I don’t remember having only one dress, or walking 10 miles in the snow to get to school…but I do recall:
The last day of school picnics…which meant summer!! We’d take off our shoes on the way home, spend several days getting our feet tough enough to run bases through the stickery pasture grasses, or take long walks down country roads (it was safe way back then), and washing our feet at the end of the day under the ice cold water from the pump by the house.
We had no ‘organized’ clubs or teams, but we made our own…baseball games in the sheep pasture until it was too dark to see the ball. Hide and seek in the dark (and having the bajeebies scared out of us). And, of all things…just sitting under–or IN–a shade tree.
We lived 15 miles from a swimming pool—but we had wash tubs and garden hoses and the horse tank.
We worked in the garden in the morning, ate fried chicken and corn-on-the-cob at noon, and chased fireflies in the evening. Often we’d sprawl on blankets in the yard, waiting for it to cool down enough to sleep in the house.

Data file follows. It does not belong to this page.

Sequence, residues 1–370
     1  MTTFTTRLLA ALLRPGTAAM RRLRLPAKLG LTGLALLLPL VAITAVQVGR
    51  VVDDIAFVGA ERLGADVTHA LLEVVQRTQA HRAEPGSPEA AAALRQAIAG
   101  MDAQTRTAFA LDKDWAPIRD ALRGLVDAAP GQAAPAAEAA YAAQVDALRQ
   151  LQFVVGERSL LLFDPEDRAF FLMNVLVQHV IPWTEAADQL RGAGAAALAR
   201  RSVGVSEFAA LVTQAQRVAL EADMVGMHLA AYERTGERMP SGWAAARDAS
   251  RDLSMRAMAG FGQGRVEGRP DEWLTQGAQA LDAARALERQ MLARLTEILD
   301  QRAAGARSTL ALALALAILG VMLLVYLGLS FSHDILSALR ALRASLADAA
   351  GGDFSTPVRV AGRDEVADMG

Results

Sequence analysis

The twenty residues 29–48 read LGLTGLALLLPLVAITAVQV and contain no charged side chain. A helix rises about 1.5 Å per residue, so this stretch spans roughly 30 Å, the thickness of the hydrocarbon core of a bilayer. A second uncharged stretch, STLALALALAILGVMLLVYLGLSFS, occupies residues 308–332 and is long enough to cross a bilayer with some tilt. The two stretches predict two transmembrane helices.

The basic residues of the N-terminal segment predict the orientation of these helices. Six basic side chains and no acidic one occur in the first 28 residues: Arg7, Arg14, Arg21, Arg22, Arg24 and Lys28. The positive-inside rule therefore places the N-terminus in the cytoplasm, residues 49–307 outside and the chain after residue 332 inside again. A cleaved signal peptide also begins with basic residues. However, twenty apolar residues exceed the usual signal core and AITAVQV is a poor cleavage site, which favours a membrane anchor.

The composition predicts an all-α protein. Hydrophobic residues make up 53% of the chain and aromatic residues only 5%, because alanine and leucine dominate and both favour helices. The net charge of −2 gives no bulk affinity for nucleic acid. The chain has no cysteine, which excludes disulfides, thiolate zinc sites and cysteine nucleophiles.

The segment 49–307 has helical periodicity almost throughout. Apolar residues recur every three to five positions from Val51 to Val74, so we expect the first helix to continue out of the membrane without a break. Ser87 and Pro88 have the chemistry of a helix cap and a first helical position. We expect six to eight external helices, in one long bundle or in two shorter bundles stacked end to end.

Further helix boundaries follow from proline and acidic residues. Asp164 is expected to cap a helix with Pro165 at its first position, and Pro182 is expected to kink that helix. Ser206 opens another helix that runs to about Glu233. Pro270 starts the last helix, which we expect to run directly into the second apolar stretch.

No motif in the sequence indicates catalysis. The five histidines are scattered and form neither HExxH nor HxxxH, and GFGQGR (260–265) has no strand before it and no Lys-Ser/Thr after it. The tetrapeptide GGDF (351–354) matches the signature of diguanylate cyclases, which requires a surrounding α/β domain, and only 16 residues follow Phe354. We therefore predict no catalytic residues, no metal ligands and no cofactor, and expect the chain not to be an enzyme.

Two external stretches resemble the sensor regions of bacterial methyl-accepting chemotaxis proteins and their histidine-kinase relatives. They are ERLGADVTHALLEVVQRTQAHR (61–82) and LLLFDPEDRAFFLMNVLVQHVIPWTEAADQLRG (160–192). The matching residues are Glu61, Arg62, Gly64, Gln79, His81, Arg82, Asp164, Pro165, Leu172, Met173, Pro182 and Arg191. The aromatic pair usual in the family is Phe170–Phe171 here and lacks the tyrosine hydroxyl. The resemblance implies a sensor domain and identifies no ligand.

Then came the one wonderful summer when we could afford a deep freezer, and a fan–all at the same time. Mama put aluminum foil on the windows, shiny side out to reflect the heat, pulled the drapes and we thought it was pure bliss to sit in the darkened living room, in front of the fan, fudge bars dripping down our arms. We were rich…and cool. What more could we ever want.
Saturday nights were the best. Everyone was in town on Saturday night. We’d take the eggs to the produce, then buy groceries with the egg money, and sometimes there was even enough we could all have a hamburger and Coke in a bottle from the one restaurant in town. On special occasions we ate ice cream at the drug store, on round tables with wire-backed chairs, under huge ceiling fans…Oh!! it was the time and place to be.
I remember only one vacation, all the way to Colorado with the car windows down because we didn’t have a vehicle with air conditioning. But our mama was a fun lady, and when we drove through big towns we’d roll up the windows so the rich people (who NEVER had their windows down) would think we were just like them. By the time we were on the open road again we’d all be gasping for air, and we’d laugh for miles at the funny noises we could make by humming and changing the shape of our mouth against the welcome wind blowing against our faces.
Only in later years did I realize how poor we really were. Monetarily poor…
But oh, so rich in memories.